Yesterday I read some rather horrible things written about me on the net, from someone I considered a friend. They were obviously angry with me (and some of that justified) and felt the need to vent on their blog.
Which is my little intro for something I’ve been thinking about for some time, and that is this new internet social network we have come to see as integral to our lives. And for most of us it is, I mean where else are writers, publishers, reviews, etc. all going to build up networks, find out about new markets, hear about new books, make new like-minded friends if not for the www?
But at times it comes with a price, as I’m sure we’ve all found out and surely nothing beats actually seeing these people and talking face to face, does it. I mean, does it?
Well funnily enough I have spoken to several people online who consider this a forum to be comfortable in, to be themselves, or at least who they would be if they weren’t socially uncomfortable and tended to freeze in pubic gatherings.
I am very much for meeting the people I work with, those that write for me, and those that I interact with on the net, to get a better sense of who they are, and to, quite simply, get to know them better.
Yet I know not all agree with me here and I accept that, for we are all different, all have our own comfort zones, and just as I feel much more comfortable chatting to people over a beer or a coffee, or even, failing that, Skype being the next best thing, I know some people would rather IM, tweet or blog.
My other reason for preferring the face-to-face contact is that I feel much more comfortable in future contact with the person, feeling that I have got a sense of who they are from our meeting and where our relationship/friendship lies. No matter how well I get on with somebody online, and there are a few reading this who I care deeply for, I always have that sense of dread that when I meet them, that our personalities are not going to match at all. I say this because it’s already happened and I say this because I am aware that not everybody is in person how they are online.
Even myself, I was shocked to find, when travelling to Australia, was told by a writer that they had even though they read my Live Journal, thought I was a bit of a dick (they may not have used those words but I do like to embellish!) yet meeting me in person thought I was quite nice really and even put the family up for one night on our five week journey through the country.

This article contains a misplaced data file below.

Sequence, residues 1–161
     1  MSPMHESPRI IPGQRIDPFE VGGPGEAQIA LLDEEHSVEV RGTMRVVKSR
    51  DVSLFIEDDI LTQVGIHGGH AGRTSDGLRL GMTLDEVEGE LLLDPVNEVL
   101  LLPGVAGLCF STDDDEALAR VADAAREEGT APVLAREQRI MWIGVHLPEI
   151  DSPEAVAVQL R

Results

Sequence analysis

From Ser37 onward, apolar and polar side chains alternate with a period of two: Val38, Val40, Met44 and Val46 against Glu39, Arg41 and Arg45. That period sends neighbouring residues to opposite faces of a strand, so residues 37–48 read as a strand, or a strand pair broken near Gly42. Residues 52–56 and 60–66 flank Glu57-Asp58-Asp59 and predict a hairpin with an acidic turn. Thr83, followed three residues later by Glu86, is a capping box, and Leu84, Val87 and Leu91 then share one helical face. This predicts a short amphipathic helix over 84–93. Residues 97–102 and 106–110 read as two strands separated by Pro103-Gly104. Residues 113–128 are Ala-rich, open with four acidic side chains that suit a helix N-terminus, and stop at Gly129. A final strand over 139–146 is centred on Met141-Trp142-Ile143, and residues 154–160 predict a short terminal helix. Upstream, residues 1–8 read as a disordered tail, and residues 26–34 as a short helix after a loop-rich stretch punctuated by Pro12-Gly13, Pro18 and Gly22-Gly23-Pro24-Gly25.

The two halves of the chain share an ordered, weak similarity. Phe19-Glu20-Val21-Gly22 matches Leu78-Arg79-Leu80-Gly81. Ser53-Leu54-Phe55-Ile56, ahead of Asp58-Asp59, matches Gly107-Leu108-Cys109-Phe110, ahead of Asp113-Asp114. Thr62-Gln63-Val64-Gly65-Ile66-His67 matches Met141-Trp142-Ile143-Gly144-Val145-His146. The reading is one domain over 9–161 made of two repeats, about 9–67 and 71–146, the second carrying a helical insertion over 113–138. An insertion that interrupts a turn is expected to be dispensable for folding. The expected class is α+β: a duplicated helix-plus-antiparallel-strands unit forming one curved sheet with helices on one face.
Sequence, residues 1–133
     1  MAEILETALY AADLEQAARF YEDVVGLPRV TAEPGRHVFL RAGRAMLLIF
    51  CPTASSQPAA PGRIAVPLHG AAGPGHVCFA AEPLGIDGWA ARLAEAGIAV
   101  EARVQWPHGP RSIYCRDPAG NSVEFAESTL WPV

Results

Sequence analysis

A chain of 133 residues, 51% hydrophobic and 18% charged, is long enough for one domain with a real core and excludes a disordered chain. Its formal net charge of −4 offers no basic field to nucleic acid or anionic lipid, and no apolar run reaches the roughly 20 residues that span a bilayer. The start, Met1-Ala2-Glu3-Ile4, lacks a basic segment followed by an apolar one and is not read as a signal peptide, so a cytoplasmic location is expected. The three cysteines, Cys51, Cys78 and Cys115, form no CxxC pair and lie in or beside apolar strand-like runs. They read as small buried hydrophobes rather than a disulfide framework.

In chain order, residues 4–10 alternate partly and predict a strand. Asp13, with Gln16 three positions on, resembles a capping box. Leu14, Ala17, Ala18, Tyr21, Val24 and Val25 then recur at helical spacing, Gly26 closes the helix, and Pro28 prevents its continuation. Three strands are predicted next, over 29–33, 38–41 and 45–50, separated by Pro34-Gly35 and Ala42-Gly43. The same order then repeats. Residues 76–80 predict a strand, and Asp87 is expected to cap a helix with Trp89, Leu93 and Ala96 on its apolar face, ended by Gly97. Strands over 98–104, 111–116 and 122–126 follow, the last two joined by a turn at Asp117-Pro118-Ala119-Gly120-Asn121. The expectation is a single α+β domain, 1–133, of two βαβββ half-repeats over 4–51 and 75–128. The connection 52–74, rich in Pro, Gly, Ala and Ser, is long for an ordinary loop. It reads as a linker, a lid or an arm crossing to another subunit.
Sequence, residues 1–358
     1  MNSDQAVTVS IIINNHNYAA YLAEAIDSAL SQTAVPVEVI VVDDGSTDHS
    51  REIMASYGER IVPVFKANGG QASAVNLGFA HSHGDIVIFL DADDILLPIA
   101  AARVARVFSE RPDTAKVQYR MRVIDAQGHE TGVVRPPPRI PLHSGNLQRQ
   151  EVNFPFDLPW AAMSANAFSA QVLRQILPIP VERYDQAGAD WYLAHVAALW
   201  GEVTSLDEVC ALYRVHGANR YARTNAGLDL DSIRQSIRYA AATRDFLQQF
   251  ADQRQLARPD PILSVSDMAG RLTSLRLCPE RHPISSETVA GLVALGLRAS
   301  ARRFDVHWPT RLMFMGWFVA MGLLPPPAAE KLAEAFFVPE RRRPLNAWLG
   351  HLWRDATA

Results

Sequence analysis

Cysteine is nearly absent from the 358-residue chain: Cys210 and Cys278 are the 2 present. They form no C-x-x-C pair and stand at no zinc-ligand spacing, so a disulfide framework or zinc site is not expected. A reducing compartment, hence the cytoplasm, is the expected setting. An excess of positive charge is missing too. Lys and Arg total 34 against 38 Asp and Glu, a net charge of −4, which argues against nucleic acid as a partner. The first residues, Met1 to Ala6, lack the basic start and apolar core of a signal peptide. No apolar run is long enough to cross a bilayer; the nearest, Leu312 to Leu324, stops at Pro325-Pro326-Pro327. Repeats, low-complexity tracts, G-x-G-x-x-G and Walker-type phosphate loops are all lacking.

And very recently, on my last visit to England, one of the friends I met for the first time had been a little apprehensive, as even though he thought I was a nice guy, felt I was maybe a little ‘prickly’. He decided upon finally meeting me that I wasn’t prickly at all.
Here is where it’s tricky though, as I can definitely see myself as prickly and am a very reactive person, which not everyone takes to (for different reasons). However, I feel that I am this way when provoked, rather than when having a sit down chat with friends. Which is why I was similarly surprised when a friend round at ours the other week said I was a very calm person. Did she mean when I sit with friends and have a coffee and a chat (who isn’t then?).
Over the years online, first with IMs, Live Journal and Blogger, and later with Facebook, Twitter and Skype, I’ve met a lot of people and have tried to meet as many of those in person as I can, at cons, when visiting England, Australia (the US when I do next) and generally the people I meet match up to their online personas.
Meeting people like Amanda Pillar, Carole Johnstone, Lorna Johnstone, Mike Stone, Gary McMahon, Kaaron Warren, Robert Hood, Cat Sparks, Deborah Biancotti, Andrew McKiernan, Ross Temple, Nicole Murphy, Donna Hanson, Paul Finch, Joseph D’Lacey, Ian Whates, Chaz Brenchley, Peter Ball, Sharon Kae Reamer, Allyson Bird and many others has been a joy, and has made me feel like I actually know them much more than if we had just shared the odd e-mail back and forth.
I am aware that I have some pretty damn good online friends too, who I have yet to meet but the hope is that I can change that soon and lay those fears to rest.
I’m not sure I had a point here but was just curious about how the rest of you see this world of online communication – is it the bright new future, or is it all a bit scary?